Stingray tracking devices

Stingrays, also known as "cell site simulators" or "IMSI catchers," are invasive cell phone surveillance devices that mimic cell phone towers and send out signals to trick cell phones in the area into transmitting their locations and identifying information. When used to track a suspect's cell phone, they also gather information about the phones of countless bystanders who happen to be nearby.

Law enforcement agencies all over the country possess Stingrays, though their use is often shrouded in secrecy. The ACLU has uncovered evidence that federal and local law enforcement agencies are actively trying to conceal their use from public scrutiny, and we are continuing to push for transparency and reform.

In order to protect both privacy and First Amendment rights, the law needs to keep up with technology. The government must be open about the use of these powerful tools, and put in place rules on their usage to protect people’s Fourth Amendment rights and to prevent abuse.

Click here for an interactive map showing where Stingrays are in use.

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Photo of stingray at bottom of ocean

VICTORY: Judge Releases Information about Police Use of Stingray Cell Phone Trackers

By Nathan Freed Wessler, Staff Attorney, ACLU Speech, Privacy & Technology Project at 3:12pm
A Florida judge has sided with the ACLU to order release of information about police use of “stingrays,” which are invasive surveillance devices that send out powerful signals to trick cell phones into transmitting their locations and identifying information. The Tallahassee judge’s pro-transparency decision stands in contrast to extreme secrecy surrounding stingray records in another Florida court, which is at the center of an emergency motion filed by the ACLU today.
Photo of Stingray from U.S. Patent and Trademark Office

Documents Reveal Unregulated Use of Stingrays in California

By Linda Lye, Staff Attorney, ACLU of Northern California at 4:37pm

Local law enforcement agencies across the Bay Area have so-called stingray devices, a powerful cellphone surveillance tool, and more are planning to acquire the technology, according to public records recently obtained by Sacramento News10. The devices…

filing cabinet

U.S. Marshals Seize Local Cops’ Cell Phone Tracking Files in Extraordinary Attempt to Keep Information From Public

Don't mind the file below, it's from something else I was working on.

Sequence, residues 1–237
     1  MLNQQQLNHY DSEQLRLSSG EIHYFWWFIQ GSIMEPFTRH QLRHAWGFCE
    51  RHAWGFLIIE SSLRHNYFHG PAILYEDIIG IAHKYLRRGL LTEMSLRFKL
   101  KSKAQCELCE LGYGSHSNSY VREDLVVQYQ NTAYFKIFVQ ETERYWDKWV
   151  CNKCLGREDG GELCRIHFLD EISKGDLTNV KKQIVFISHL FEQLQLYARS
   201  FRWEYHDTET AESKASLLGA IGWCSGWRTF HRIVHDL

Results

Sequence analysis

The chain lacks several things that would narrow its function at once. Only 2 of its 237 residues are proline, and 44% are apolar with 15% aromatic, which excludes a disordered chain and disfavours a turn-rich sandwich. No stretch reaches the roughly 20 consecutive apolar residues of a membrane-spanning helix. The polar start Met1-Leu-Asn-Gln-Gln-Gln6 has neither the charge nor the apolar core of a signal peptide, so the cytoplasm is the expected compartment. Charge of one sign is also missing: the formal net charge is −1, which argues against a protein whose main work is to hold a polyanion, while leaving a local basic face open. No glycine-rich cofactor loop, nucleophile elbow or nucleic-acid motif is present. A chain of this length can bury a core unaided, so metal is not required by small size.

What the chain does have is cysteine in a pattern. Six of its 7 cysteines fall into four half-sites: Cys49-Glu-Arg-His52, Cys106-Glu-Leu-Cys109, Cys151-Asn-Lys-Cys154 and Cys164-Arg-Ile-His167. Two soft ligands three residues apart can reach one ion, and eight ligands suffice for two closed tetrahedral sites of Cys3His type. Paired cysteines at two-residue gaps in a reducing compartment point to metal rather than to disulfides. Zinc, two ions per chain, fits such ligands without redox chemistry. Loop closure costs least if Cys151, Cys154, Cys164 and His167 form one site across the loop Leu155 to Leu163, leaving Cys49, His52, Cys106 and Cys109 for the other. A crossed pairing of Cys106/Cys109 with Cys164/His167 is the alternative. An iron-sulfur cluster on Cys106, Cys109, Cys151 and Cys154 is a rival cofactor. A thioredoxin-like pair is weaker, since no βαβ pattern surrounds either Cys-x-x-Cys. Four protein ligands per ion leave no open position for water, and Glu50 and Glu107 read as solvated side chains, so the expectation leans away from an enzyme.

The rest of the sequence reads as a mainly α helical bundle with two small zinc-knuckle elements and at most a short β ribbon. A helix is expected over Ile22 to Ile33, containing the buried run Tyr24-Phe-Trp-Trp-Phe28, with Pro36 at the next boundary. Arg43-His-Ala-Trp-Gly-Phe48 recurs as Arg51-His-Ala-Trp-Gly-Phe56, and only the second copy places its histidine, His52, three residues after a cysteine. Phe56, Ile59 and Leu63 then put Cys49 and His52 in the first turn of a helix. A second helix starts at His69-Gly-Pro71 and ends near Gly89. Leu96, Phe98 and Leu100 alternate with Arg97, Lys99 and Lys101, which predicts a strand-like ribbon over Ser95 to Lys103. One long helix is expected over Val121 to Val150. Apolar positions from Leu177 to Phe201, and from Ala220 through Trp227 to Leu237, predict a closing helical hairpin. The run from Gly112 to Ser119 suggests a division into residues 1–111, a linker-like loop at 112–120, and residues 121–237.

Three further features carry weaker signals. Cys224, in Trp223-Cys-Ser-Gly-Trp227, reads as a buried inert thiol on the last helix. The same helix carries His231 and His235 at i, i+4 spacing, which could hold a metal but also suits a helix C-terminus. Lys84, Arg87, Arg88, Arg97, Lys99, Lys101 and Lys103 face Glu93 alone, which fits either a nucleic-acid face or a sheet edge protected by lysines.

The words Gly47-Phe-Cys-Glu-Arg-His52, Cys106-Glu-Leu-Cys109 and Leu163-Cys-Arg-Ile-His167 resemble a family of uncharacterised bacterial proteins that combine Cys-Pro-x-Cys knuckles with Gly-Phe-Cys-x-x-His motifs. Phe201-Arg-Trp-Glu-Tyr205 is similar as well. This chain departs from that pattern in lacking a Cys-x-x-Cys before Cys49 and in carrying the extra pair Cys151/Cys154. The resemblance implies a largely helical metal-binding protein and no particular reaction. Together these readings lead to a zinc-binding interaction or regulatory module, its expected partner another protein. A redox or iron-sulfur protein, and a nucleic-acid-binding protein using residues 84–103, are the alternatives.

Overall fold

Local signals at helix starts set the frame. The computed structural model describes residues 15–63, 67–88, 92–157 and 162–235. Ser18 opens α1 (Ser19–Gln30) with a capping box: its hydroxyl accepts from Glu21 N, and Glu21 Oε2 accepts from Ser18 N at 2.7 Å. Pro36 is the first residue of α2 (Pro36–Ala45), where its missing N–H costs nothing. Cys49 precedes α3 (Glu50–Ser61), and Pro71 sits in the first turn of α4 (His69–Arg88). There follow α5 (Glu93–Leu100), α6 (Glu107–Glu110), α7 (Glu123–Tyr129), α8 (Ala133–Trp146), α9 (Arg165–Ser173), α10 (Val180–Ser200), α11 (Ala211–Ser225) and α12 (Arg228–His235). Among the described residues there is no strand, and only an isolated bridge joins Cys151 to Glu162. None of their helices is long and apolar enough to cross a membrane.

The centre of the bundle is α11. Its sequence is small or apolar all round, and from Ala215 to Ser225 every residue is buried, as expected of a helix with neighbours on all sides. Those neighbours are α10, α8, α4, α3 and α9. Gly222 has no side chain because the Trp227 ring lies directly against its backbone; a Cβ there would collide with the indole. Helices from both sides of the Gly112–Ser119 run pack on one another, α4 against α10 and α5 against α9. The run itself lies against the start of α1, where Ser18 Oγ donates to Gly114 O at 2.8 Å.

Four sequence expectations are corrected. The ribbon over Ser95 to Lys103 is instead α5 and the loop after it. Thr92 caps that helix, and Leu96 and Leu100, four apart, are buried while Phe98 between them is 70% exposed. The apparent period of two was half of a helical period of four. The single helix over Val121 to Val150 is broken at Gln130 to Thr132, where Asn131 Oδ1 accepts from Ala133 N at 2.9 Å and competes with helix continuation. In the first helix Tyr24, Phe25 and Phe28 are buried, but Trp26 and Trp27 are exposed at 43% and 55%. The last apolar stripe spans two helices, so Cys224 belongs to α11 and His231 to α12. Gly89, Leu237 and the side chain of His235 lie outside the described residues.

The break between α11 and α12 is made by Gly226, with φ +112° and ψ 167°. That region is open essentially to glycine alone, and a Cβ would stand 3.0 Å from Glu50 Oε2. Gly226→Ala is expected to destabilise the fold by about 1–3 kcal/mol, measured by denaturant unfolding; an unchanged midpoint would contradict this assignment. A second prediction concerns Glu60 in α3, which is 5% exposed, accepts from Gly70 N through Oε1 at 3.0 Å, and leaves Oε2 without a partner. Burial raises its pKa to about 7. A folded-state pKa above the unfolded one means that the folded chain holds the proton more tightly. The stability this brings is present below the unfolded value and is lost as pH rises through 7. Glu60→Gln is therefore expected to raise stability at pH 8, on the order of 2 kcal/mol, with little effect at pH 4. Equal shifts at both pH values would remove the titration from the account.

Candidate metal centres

By Nathan Freed Wessler, Staff Attorney, ACLU Speech, Privacy & Technology Project at 12:13pm

A run-of-the-mill public records request about cell phone surveillance submitted to a local police department in Florida has unearthed blatant violations of open government laws, including an incredible seizure of state records by the U.S. Marshals…

Trickle Down Surveillance

Trickle Down Surveillance

By Nathan Freed Wessler, Staff Attorney, ACLU Speech, Privacy & Technology Project at 11:22am

Cell site simulators, also known as "stingrays," are devices that trick cellphones into reporting their locations and identifying information. They do so by mimicking cellphone towers and sending out electronic cues that allow the police to enlist…

Photo of cell phone tower disguised as a palm tree.

ACLU-Obtained Documents Reveal Breadth of Secretive Stingray Use in Florida

By Nathan Freed Wessler, Staff Attorney, ACLU Speech, Privacy & Technology Project at 5:30pm

The ACLU is releasing records today obtained from law enforcement agencies across Florida about their acquisition and use of sophisticated cell phone location tracking devices known as “Stingrays.” These records provide the most detailed account…

photograph of cancer cells under microscope

Secrecy is a Cancer on Our Democracy

By Jay Stanley, Senior Policy Analyst, ACLU Speech, Privacy & Technology Project at 10:25am

In our 2011 ACLU report on secrecy "Drastic Measures Required," my co-author Mike German and I wrote that "American democracy has a disease, and it's called secrecy." Government secrecy, we wrote, "is growing like a cancer in our democracy."

Events…

Photo of aircraft

ACLU Seeks Information About Airborne Cell Phone Snooping

By Bennett Stein, ACLU Speech, Privacy, and Technology Project at 7:59am

The ACLU is filing a Freedom of Information Act (FOIA) request today for information about a newly revealed Marshals Service program that uses aircraft to suck up location data from tens of thousands of people’s cell phones at a time.

The…

Image of radio signal in sky

ACLU Fights for Limits on Secret Phone Tracking

By Samia Hossain, William J. Brennan Fellow, ACLU Speech, Privacy, & Technology Project at 11:08am

In March of this year, Robert Harrison had a cell phone with him while he was inside his home. Though he has kept and used a cell phone as long as any of us, this time, things were different.

Unbeknownst to Harrison, Baltimore police officers…

stingray device

Internal Police Emails Show Efforts to Hide Use of Cell Phone Tracking

By Maria Kayanan, Associate Legal Director, ACLU of Florida at 9:01pm

As we suspected, local law enforcement officials are borrowing cell phone tracking devices known as “stingrays” from the U.S. Marshals Service—and police are deliberately concealing the use of stingrays in court documents submitted to judges…

Florida "Surveillance State" license plate

Local Police in Florida Acting Like They’re the CIA (But They’re Not)

By Nathan Freed Wessler, Staff Attorney, ACLU Speech, Privacy & Technology Project at 10:00am

The City of Sunrise, Florida, tried to take a page from the CIA’s anti-transparency playbook last week when it responded to an ACLU public records request about its use of powerful cell phone location tracking gear by refusing to confirm or deny…

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